August's featured article
The Dreams Ideas Are Made Of
Ideas. They pop in and out of our minds a thousand times a day, and sometimes, if we’re lucky, one of them is good enough to launch an invention, a story, or a life-long pursuit.
But where do ideas come from in the first place? Inspiration seems to strike out of nowhere and during times when we least expect it or even think it is possible.
The Internet is brimming with stories about inventions and discoveries that appeared in dreams. Einstein is said to have begun contemplating the theory of relativity after dreaming about cows when he was a teenager. There’s also the story of Elias Howe, inventor of the sewing machine, who got the idea for a needle with the eye at its tip after dreaming about an incident involving spear-wielding cannibals. The list of dream-born creations goes on and on, from the lyrics of famous songs to the molecular structures for common chemicals. Are these stories true? We’ll have to take the Internet’s word for it, but there’s no denying we can have ideas in our dreams, and for many inventors they can be a source of inspiration. In fact, Inventors Eye has featured more than one independent inventor who literally had dreams of invention.
Remember Spark of Genius Sandy Stein? She got the idea for the Finders Key Purse in a dream where her deceased father instructed her on how to create a device that helps women prevent their keys from becoming lost in the bottom of their handbags.
Inventors Eye’s most recent spark of genius, Kim Meckwood, also got the idea for her Click & Carry in a dream. She needed to solve the problem of carrying multiple bags of groceries up long flights of stairs to her apartment, and that’s exactly what she did. But for Kim, getting ideas while asleep is nothing new. She said dreaming is a way for her to process her thoughts and allow ideas to percolate and rise to the surface. As it turns out, this is also what some experts say dreaming is all about.
Most dreaming occurs during rapid eye movement (REM), the period of sleep when the eyes erratically dart to and fro beneath the eyelids. REM sleep is also marked by increased brain activity. Various theories attempt to explain the purpose of dreaming and REM (none of which have a consensus in the scientific community). According to one, REM is the result of the brain processing and organizing the day’s thoughts, sights, and sounds. In this way, dreams might be a way for us to contemplate things that we are unable to or unwilling to contemplate during waking hours—or a way for us to finally grasp the solution to a problem that puzzled us.
Aside from the occasional dream, inventors get their ideas in many different ways. While stories of invention often start with a common problem that needs fixing, the way inventors arrive at the solution can be varied. Most solutions are the result of trial and error, thinking and perseverance—like the Wright Brothers’ flying machine. Others still are the result of mere accident—Post-It Notes and vulcanized rubber were stumbled upon while their inventors were pursuing a different angle. And then there is the proverbial light bulb moment, when inspiration feels so new and disruptive it seems almost miraculous. But there’s a rub: it turns out a lot of good ideas are really just additions to, or new directions taken from, already existing ideas.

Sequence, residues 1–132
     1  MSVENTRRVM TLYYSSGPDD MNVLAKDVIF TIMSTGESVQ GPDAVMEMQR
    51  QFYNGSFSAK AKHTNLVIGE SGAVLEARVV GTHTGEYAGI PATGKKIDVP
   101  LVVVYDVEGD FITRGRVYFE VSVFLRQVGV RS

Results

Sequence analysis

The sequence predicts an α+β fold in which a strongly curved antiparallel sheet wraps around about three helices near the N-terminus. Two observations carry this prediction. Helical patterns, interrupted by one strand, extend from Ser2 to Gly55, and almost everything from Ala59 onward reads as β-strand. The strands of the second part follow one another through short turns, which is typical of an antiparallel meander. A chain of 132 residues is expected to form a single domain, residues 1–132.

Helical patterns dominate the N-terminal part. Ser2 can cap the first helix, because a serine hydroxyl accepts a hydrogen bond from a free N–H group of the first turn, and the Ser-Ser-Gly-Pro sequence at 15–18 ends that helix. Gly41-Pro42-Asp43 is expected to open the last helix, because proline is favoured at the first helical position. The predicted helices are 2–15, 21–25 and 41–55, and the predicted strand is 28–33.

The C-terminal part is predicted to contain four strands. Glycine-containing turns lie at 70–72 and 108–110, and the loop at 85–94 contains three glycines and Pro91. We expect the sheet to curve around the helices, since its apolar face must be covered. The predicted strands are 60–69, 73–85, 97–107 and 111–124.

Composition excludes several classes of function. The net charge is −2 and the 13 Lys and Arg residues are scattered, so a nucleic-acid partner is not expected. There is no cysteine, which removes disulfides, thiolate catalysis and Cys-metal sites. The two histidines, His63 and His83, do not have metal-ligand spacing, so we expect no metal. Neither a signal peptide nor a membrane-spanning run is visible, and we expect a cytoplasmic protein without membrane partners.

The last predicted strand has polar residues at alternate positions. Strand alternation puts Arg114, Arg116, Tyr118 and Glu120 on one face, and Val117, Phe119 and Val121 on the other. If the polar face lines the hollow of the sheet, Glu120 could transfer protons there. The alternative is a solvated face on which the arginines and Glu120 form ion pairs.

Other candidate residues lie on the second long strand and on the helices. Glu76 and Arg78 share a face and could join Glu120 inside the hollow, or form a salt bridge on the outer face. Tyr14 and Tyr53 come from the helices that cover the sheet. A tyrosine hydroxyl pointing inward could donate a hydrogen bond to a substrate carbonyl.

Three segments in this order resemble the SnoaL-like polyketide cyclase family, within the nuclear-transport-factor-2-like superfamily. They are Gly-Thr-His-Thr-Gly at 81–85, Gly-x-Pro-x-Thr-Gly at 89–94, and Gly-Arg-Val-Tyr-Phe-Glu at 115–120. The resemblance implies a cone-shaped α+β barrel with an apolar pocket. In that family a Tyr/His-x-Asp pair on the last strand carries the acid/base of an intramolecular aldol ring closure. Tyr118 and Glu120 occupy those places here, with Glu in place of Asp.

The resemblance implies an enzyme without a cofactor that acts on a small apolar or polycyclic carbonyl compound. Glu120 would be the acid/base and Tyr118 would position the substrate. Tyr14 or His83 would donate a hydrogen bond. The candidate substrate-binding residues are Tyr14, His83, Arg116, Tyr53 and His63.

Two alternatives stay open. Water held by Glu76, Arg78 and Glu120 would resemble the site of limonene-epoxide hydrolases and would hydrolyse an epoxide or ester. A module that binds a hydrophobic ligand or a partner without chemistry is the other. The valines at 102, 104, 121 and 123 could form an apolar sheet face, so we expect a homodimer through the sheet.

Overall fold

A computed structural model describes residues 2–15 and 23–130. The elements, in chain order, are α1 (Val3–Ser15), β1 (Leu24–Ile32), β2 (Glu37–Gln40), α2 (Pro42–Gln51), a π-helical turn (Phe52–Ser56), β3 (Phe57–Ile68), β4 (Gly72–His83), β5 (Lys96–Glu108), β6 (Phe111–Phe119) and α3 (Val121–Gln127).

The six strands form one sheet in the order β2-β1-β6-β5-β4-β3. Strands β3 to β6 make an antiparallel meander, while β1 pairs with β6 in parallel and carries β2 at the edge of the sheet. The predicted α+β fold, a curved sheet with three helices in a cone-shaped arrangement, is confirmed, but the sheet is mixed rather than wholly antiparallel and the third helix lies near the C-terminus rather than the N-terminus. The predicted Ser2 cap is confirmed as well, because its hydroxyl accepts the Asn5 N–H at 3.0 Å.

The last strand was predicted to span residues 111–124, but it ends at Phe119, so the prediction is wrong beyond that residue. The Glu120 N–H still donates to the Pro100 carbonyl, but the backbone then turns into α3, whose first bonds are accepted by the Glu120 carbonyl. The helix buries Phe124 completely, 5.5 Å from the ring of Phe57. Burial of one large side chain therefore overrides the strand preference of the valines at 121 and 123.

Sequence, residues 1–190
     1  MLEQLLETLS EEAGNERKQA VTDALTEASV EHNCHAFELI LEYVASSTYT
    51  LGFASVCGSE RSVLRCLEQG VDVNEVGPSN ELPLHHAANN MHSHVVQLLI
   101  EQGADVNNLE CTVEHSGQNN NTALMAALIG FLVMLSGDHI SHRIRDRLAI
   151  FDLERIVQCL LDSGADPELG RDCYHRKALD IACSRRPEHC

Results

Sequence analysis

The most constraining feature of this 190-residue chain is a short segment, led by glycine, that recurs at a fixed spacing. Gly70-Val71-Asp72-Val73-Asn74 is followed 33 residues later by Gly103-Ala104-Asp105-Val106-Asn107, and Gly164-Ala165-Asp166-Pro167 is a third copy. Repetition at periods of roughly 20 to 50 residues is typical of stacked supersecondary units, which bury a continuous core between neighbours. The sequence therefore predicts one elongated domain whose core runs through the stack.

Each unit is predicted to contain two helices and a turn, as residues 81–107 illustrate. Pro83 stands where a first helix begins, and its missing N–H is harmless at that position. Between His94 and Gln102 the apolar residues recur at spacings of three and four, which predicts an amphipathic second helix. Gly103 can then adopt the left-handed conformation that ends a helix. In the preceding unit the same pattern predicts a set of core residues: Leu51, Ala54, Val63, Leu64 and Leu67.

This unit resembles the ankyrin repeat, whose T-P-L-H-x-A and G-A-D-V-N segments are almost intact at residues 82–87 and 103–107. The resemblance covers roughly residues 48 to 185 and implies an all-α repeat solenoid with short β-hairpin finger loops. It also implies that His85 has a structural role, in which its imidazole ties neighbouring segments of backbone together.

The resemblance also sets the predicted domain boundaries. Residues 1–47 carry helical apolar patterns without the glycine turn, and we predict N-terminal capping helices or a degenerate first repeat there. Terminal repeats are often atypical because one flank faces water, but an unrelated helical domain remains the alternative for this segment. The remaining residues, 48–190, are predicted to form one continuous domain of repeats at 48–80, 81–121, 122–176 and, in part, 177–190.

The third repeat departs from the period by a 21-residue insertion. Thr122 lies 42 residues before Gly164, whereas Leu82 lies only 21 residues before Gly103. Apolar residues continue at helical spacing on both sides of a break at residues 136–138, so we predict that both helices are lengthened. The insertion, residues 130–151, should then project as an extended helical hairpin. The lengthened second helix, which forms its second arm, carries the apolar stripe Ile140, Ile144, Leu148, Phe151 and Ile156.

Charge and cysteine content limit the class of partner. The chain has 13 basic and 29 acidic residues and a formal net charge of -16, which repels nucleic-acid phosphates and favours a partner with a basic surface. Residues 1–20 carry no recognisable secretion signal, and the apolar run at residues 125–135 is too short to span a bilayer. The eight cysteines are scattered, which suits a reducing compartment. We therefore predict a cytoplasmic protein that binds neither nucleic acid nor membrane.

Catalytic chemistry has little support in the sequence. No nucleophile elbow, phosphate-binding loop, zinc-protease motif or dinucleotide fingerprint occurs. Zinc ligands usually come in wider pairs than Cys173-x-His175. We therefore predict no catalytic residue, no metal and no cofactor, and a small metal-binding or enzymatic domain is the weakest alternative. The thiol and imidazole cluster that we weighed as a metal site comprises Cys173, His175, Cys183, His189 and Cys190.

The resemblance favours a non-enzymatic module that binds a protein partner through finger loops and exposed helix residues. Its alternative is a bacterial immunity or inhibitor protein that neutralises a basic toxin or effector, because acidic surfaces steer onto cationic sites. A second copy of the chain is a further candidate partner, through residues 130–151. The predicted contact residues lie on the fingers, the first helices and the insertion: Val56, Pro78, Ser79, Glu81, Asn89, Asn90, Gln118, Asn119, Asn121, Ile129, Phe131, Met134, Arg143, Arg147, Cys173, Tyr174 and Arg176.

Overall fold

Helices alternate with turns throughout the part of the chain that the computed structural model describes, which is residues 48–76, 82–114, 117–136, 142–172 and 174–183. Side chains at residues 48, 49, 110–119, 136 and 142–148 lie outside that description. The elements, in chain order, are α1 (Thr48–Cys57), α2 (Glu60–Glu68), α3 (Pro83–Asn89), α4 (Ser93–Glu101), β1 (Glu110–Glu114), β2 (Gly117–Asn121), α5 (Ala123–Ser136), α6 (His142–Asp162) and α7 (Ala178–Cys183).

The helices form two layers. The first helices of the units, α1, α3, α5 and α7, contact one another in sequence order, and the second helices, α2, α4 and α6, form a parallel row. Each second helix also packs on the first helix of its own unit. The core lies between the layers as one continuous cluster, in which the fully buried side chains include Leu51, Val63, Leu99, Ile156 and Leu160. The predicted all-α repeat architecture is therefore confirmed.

One thing is clear: innovation happens in increments. Even during today’s rapid technological expansion, most new mindboggling creations are the result of teams of researchers and engineers analyzing previous devices and processes, and figuring out how to make them better. Even independent inventors solving everyday problems are adding their own ideas to ones that already exist. Invention does not occur in a vacuum.
This collaborative system of productivity is common today, but that wasn’t always the case. Ideas have not always had free reign to intermingle and bounce off each other. In fact, some experts, including notable science and technology writer Steven Johnson, credit the arrival of a truly collaborative “marketplace of ideas” to something that many of us take a warming to: coffee.
First appearing on the European continent in the mid-1600s, coffee houses quickly took hold as everyone from noblemen to street sweepers clamored in for a caffeine kick. The result, says Johnson, was that people from all walks of life began mingling and rubbing shoulders. Naturally, so did their ideas. Coffee houses were a gathering place to talk about every subject, from politics and philosophy to science and technology. The collaborative environment that sprung up in European coffee houses in the 17th century gave rise to what became known as the Enlightenment, itself leading to scientific and technological revolutions and even the modern patent system.
Just as most good ideas are not as isolated as they appear, the majority of patents do not detail entirely new inventions. Rather, they show novel improvements to existing technology. And while patents protect inventors’ exclusive rights to their inventions for a limited time, the U.S. patent system, as it is enshrined in our Constitution, is uniquely designed to “Promote the Progress of Science and Useful Arts.”
Every time an inventor receives a patent, he or she adds to the archive of mankind’s collective good ideas. Patents force new ideas to enter the marketplace and replace or improve the old. The state of the art advances, and the process repeats itself ad infinitum. You might even say that the patent system is the coffee house of intellectual property, where inventors and their inventions come together to mingle and learn and take new directions.
So go ahead: have another cup of Joe, but always remember to dream.